CLEARFIELD—When Erica Sandoval asked how many of the girls in the audience would like to go to Mars some day, it seemed that all hands went up.
All 400 girls attending the 17th annual Northern Utah Expanding Your Horizons in Science and Mathematics Conference were excited about the prospect of space flight.
And Sandoval is one of many working to help it happen.
Sandoval is a senior principal manufacturing engineer at Orbital ATK, which means she is part of the manufacturing team that puts rockets together.
That makes her a rocket scientist, and that made the girls in sixth through ninth grades sit up and listen as she spoke to them about how she arrived at her career and how they might find one that they too can relish.
When she was growing up, Sandoval said she had an interest in fashion and sewing.
“Sewing is assembling and making a rocket is assembling,” she said. “You just have to figure out how to put it together.”
Sandoval outlined the path that led to her job with Orbital ATK, sponsors of the conference.
She was involved in Girl Scouts, and later had jobs that taught her to work hard, including one in Alaska in the fishing industry – “the hardest job I’ve ever done.”
Now a mother of two, she said engineering and family can go together.
Sandoval encouraged the students to find their interests and develop their skills.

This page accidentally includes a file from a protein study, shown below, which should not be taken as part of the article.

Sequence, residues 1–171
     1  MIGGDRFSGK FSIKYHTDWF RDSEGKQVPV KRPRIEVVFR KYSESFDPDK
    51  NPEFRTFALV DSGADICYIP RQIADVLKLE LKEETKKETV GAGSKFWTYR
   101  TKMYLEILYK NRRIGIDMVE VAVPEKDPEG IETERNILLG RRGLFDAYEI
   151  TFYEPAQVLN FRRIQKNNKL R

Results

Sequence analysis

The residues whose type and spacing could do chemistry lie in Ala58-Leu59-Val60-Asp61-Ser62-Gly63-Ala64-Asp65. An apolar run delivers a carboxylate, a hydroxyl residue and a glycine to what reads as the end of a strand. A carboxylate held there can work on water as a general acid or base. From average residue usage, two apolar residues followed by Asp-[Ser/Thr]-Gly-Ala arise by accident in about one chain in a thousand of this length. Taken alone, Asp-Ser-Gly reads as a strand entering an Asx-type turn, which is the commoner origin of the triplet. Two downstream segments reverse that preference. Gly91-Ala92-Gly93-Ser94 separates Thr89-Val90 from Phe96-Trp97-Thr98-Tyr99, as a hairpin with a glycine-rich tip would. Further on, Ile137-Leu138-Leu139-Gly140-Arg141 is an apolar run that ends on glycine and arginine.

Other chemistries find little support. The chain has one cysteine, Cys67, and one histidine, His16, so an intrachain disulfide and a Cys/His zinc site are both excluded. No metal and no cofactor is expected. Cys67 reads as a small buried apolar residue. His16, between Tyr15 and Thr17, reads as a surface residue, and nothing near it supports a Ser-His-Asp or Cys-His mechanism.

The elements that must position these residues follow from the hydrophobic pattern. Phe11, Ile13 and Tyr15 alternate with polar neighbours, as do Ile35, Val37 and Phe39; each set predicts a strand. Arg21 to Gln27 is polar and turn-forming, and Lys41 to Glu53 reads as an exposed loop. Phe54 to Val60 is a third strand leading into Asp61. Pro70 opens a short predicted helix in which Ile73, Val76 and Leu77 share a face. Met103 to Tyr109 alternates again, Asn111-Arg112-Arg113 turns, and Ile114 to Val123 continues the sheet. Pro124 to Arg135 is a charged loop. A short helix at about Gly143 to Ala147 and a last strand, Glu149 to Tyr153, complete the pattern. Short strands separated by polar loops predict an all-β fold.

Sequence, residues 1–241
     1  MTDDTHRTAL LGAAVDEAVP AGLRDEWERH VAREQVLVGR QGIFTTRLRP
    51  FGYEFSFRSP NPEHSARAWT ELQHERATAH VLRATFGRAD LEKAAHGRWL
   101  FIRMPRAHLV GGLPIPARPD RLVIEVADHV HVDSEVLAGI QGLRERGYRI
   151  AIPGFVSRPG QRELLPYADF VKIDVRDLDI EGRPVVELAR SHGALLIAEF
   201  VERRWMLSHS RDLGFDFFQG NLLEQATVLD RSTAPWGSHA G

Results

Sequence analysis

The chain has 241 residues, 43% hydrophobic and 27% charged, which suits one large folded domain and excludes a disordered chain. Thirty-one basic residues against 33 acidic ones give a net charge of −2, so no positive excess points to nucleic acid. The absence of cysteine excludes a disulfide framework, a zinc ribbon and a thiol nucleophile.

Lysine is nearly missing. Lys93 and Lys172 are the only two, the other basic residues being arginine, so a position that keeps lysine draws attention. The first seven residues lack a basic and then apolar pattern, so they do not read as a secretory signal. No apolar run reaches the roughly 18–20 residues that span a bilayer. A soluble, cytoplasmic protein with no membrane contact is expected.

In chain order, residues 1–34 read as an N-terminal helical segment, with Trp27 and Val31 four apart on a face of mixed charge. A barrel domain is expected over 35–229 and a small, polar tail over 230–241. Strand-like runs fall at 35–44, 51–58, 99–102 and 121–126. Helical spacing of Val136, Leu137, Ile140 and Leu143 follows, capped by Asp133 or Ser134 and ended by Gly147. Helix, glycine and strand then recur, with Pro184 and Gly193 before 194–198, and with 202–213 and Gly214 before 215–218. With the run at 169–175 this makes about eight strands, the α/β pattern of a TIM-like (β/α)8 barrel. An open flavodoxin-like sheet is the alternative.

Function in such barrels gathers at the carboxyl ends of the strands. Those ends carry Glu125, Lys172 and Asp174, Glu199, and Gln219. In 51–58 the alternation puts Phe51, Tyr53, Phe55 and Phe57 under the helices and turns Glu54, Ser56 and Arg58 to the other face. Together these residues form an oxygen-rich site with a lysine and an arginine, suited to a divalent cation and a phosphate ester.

“Figure out what you might be good at,” she said, “and stand by that.”
She encouraged them to ask questions and to solve problems.
“If your paths take a lot of different directions, that’s OK,” she said. “Feel pride in doing something well, and let that build your self confidence.”
Sandoval showed students video of a recent launch abort motor test. According to information from Orbital ATK, she is a project team lead for the launch abort motor, an escape vehicle for astronaut safety on NASA’s new Space Launch System, and received an award for her work on a rocket test last June.
She told the girls the rocket is expected to be ready to ferry astronauts to Mars in 16 to 17 years.
She answered questions from the attendees about salaries and work schedules, astronauts and rocket fuels.
When asked how many women had gone to the moon, she said not any, “not yet.”
After the keynote address, participants attended workshops led by women in science and math careers on subjects from fingerprints to planets, on reading maps to making lotions.
“It’s important to show a real-life example of what a real engineer does,” Sandoval told the Clipper. “They don’t always have to know for certain what they want to do, their paths can take a lot of directions, but if they know what they’re interested in and what their skills are, they can look for a marriage between the two and find a career that they can enjoy and be successful at.”